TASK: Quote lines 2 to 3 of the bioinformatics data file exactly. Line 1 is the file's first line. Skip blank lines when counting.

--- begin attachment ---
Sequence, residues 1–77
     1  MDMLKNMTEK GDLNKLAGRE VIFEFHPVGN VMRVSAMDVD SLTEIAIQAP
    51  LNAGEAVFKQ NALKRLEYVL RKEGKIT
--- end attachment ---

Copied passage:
     1  MDMLKNMTEK GDLNKLAGRE VIFEFHPVGN VMRVSAMDVD SLTEIAIQAP
    51  LNAGEAVFKQ NALKRLEYVL RKEGKIT